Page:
The alliterative names X1-X2-X3-X4 bring their children closer together as a common unit and make it easier for their parents to text regarding each!

They stay close with family FaceTime calls each Sunday.

The Colopy Family

Audience feedback

Windy Zou Kohl, a tech entrepreneur, who recently moved from Hong Kong to the Triangle, shared that Joe is living proof of three wise sayings:

  1. There’s a saying in China: Successful people attribute their success to luck, while unsuccessful people blame fate. That’s certainly very true of Joe. His unpretentiousness and modesty, despite his outstanding accomplishments and contributions, were most refreshing.
  2. Behind every successful man, there is a strong woman. I would argue, an equally successful woman. That’s also true of Joe and Karalyn. Charlie Munger also said that one of the most important decisions a person can make to ensure a successful and happy life is choosing the right spouse or life partner. Joe has done well.
  3. Have a bias for action, follow your bliss. There’s no grand plan in life – how Joe moved to the RTP area and how he picked one of his business partners are both examples of taking actions instead of overthinking, as you can always adjust and pivot along the way. When he sees an unfilled need, he sets out to fill it, like GrepBeat and his VC funds. He embodies the can-do entrepreneurial spirit.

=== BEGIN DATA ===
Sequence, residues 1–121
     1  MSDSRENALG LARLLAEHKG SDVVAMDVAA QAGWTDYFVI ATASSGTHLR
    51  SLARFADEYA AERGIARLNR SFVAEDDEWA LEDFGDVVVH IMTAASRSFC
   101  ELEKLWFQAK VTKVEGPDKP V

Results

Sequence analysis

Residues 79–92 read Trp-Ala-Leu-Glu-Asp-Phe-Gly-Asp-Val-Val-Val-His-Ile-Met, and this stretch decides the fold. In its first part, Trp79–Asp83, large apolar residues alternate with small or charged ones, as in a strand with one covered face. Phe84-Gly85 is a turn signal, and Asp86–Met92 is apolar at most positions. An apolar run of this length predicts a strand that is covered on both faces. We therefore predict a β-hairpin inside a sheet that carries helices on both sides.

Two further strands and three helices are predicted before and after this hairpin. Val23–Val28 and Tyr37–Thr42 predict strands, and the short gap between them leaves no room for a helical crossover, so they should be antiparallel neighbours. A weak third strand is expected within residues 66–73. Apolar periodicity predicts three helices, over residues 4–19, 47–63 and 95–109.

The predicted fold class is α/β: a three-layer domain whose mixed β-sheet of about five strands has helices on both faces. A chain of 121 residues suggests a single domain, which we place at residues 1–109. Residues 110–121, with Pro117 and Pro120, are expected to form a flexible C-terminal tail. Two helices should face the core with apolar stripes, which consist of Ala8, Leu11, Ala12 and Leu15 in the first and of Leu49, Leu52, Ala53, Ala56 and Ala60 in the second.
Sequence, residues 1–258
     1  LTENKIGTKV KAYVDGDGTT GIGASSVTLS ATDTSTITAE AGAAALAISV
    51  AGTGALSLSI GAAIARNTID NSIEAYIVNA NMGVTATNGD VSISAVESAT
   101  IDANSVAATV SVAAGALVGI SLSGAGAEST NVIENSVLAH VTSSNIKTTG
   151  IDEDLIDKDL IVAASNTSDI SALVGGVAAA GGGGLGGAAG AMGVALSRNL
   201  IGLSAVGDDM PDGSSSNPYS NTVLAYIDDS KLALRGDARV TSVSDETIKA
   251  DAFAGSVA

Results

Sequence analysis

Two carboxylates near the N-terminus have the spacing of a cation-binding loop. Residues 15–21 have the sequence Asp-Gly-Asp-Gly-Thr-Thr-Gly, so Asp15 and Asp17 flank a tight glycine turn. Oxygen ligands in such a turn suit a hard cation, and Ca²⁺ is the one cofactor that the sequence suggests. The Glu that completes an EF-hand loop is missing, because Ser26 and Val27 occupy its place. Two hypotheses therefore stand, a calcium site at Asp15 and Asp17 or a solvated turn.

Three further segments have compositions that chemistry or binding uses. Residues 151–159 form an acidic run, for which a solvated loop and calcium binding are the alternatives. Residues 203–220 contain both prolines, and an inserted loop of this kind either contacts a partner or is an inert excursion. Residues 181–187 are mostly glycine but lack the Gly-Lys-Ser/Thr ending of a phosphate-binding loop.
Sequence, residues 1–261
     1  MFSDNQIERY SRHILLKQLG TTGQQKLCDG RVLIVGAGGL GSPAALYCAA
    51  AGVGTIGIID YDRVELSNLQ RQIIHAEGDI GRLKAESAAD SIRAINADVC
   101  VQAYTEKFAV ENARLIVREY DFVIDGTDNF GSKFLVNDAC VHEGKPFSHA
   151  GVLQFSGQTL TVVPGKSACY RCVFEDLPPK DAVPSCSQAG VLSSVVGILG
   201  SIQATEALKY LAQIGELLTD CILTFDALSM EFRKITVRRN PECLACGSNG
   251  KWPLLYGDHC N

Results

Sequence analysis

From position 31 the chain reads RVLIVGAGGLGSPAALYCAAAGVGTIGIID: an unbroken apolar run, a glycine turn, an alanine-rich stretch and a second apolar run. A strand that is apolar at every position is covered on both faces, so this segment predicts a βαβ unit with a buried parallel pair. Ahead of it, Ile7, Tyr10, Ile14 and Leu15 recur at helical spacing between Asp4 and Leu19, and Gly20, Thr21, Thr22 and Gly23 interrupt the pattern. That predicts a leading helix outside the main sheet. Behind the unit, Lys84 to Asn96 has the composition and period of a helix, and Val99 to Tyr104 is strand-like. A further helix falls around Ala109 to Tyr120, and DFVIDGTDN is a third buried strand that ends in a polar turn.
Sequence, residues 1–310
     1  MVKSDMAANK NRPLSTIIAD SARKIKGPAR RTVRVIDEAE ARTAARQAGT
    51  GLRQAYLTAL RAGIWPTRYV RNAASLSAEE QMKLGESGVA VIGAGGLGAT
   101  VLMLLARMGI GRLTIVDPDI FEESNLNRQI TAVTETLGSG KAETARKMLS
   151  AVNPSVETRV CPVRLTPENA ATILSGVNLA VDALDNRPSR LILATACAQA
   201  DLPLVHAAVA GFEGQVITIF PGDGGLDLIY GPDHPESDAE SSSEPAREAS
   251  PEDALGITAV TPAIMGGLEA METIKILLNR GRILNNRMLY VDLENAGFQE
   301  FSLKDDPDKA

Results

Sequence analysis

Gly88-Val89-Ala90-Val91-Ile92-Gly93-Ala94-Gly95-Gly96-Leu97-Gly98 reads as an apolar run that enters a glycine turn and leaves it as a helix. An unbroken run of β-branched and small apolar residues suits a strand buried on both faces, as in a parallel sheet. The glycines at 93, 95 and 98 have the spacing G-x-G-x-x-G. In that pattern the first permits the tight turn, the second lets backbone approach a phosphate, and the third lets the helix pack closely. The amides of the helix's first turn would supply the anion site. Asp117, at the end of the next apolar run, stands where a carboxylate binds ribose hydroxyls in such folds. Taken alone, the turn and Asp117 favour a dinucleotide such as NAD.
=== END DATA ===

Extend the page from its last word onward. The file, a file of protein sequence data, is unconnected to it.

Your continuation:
Next Week:

Bronto’s principles which shaped their culture, and what’s up with Colopy Ventures.

About Grace Ueng

Grace is CEO of Savvy Growth, a management and marketing consultancy that since 2003 has been helping leaders and the companies they run achieve their fullest potential through conducting strategic reviews, marketing audits, and coaching.

A marketing strategist, Grace held leadership roles in marketing, business development and product management at five high growth technology ventures that successfully exited through acquisition or IPO. A TED speaker, her work has been covered in The Wall Street Journal, The Daily Beast, and Inc.

Contact her firm for more information on Grace’s flagship workshop, HappinessWorks™.

Subscribe for free to her Happiness & Leadership@Work.  You will receive one research based lesson each week to learn to be a happier and more productive leader: click here